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Rising prices of unregulated cryptocurrencies could pose a number of problems for the formal financial system. Illustration: Jayachandran/Mint
Rising prices of unregulated cryptocurrencies could pose a number of problems for the formal financial system. Illustration: Jayachandran/Mint

Going beyond the problems of bitcoin

Though the future of cryptocurrencies is uncertain at this stage, the idea of blockchain deserves more attention

Bitcoin has dominated headlines in the financial world in recent months with a return of over 1,700% so far this year. Rising prices are attracting more investors, though some experts see the increasing level of interest as a sign of a bubble. But this is not the only problem.

Bitcoin is an unregulated cryptocurrency which is administered by a network of users through an open and distributed ledger known as blockchain. Each transaction is verified by the network. Since it is a distributed ledger and no one person or organization controls it, technically, chances of someone manipulating the system are very low. There are multiple reasons why people around the world are getting attracted to bitcoin or other such virtual currencies. Some people like the idea that it is actually possible to make electronic transactions without involving the formal system of banks and financial institutions. The possibility that demand for such an instrument will increase over time is pushing prices. In different parts of the world, some people also wish to take their savings out of domestic currency owing to economic and political instability. However, a large number of investors are buying just to ride the momentum and make quick returns. Rising prices of unregulated cryptocurrencies could pose a number of problems for the formal financial system.

First, if the prices of bitcoin and other such currencies keep going up for a considerable period, the fall could be painful. Prices are clearly being driven by speculation, as there is no underlying asset to back them. Further, rising prices will attract more people to start such currencies and invest in them. This will increase the contact of virtual currencies with formal finance, and developments in this market would affect the financial system. The beginning of futures trading in bitcoin is a major step towards making it more mainstream, even though its consequences are not well understood.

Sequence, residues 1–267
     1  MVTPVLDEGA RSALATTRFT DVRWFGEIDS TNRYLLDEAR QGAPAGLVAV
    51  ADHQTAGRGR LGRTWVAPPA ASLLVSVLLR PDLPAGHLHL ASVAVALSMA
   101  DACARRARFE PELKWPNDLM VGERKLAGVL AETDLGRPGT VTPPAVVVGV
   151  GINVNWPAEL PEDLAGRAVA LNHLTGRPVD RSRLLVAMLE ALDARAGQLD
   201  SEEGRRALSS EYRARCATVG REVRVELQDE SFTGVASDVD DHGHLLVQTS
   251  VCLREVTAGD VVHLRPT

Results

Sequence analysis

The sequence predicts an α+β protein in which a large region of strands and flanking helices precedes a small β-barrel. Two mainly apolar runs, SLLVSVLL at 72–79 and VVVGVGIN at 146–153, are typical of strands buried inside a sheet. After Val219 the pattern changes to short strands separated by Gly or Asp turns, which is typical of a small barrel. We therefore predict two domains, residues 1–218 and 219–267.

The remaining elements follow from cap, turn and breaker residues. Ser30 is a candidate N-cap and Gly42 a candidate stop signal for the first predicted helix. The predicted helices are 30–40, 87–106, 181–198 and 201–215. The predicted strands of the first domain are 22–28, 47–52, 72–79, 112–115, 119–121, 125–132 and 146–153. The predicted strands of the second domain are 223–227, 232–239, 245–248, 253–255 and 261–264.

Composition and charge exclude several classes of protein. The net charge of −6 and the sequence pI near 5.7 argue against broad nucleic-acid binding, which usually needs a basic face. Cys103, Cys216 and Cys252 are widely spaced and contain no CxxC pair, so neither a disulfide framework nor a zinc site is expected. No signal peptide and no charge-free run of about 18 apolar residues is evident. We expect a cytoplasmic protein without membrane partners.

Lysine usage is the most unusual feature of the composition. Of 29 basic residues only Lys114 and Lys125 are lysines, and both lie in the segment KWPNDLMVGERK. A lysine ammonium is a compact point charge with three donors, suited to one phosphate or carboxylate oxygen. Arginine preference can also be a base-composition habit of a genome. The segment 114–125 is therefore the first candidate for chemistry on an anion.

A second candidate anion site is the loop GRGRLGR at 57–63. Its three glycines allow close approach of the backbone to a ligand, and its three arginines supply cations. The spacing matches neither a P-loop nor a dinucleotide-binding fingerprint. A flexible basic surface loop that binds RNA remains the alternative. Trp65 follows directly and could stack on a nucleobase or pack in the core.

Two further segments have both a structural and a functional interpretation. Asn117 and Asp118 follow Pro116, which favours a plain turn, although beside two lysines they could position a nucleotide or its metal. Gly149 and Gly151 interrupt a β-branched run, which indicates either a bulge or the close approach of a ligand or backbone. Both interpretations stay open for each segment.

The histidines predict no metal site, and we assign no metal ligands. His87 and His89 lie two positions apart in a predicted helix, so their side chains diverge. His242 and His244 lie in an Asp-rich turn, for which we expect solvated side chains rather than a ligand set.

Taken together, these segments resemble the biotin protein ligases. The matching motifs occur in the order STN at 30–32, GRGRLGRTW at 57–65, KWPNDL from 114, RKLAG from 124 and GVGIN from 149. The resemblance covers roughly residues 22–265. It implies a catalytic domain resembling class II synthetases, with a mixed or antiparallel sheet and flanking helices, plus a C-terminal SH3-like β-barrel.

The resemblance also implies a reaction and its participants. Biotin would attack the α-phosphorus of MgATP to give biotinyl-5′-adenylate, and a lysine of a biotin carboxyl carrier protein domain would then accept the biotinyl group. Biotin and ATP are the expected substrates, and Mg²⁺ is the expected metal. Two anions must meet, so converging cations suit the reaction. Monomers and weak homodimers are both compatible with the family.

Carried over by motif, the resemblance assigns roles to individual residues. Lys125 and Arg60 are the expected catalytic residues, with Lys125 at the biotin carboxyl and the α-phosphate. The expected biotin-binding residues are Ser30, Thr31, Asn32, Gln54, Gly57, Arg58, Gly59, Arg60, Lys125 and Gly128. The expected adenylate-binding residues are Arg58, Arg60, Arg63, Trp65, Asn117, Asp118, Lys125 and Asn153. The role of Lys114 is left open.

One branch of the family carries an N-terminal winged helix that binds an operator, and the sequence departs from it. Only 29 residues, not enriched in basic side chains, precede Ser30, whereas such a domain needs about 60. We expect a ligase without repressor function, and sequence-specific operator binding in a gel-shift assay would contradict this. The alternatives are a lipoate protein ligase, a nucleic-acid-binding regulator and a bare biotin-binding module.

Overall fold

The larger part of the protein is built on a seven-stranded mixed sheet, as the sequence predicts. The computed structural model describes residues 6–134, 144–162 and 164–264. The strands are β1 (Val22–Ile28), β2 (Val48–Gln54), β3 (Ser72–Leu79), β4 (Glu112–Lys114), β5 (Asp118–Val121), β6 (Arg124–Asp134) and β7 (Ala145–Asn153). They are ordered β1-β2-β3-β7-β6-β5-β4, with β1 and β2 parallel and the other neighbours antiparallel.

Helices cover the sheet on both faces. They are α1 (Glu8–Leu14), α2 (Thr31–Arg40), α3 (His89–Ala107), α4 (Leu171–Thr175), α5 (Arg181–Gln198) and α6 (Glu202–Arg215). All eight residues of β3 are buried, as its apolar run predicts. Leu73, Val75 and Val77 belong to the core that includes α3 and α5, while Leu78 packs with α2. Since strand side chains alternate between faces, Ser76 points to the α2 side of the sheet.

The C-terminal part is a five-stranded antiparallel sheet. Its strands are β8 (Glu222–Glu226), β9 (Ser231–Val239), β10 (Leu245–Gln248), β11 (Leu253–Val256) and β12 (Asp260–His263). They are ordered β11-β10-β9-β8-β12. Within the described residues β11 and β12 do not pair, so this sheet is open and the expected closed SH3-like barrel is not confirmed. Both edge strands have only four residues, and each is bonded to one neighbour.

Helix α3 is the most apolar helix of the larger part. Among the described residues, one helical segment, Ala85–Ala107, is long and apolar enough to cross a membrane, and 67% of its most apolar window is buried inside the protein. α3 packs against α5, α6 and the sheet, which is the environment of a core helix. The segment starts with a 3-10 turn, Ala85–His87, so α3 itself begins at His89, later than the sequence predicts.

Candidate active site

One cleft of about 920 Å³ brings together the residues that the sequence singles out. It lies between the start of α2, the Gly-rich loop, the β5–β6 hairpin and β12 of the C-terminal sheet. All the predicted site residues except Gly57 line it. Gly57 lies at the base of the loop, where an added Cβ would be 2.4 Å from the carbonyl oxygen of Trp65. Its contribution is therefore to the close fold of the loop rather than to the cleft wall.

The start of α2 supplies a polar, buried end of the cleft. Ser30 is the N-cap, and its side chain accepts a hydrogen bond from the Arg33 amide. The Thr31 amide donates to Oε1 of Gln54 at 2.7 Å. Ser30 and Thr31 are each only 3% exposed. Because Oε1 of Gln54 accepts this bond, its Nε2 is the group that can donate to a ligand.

Second, if adoption of bitcoin or other such instruments actually increases significantly, it will make things difficult for central banks. A central bank manages the supply and cost of money in the system to attain maximum growth with price stability. But in the world of unregulated cryptocurrencies, central banks may find it difficult to manage the level of economic activity. Bitcoin, for example, is deflationary by design. Greater adoption could also alter the dynamics of capital control, especially in developing economies.

Third, an increase in the use of such instruments could also affect financial intermediation, investment and growth. Therefore, it is important for policymakers to carefully evaluate the potential costs and benefits of a possible rise in the use of unregulated cryptocurrencies. However, as things stand today, the high level of volatility shows the limitation of bitcoin and other such instruments. It is highly unlikely that individuals or firms would be willing to write contracts in a currency whose value changes by 20-30% in either direction in no time. But it is possible that some virtual currencies may become more stable over time.

Although the outlook for bitcoin is fairly uncertain at this stage, the technology on which it works has a much wider appeal and could be useful in a number of areas. For instance, as we have argued in these pages before, blockchain has the potential to end property-related litigation in a country like India. The government can have a blockchain where ownership and transactions can be tracked easily. Similarly, blockchain can make government spending more efficient in areas such as the social sector, as it will increase transparency. The technology is also being tested in the financial sector to settle transactions. This could help reduce costs for financial institutions and the working capital requirement for other firms. The distributed ledger can have other usage such as smart contracts.

While blockchain can help reduce cost and increase transparency in various sectors, it could also pose challenges for risk management in the system. In a speech earlier this year, Federal Reserve chair nominee Jerome Powell, for example, noted: “If automated risk management, smart contracts, and similar tools are deployed across a network, cascades of rapid and hard-to-control obligations and liquidity flows could propagate across a network....This interdependence will likely call for creative organizational thinking to address the need for governance and strong risk management."

Even though the future of cryptocurrencies is uncertain at this stage, it is the idea of blockchain that deserves more attention, as it could potentially transform the way transactions are settled. Regulators would do well to closely track developments in this area so that financial stability risks can be avoided if adoption increases in the system.

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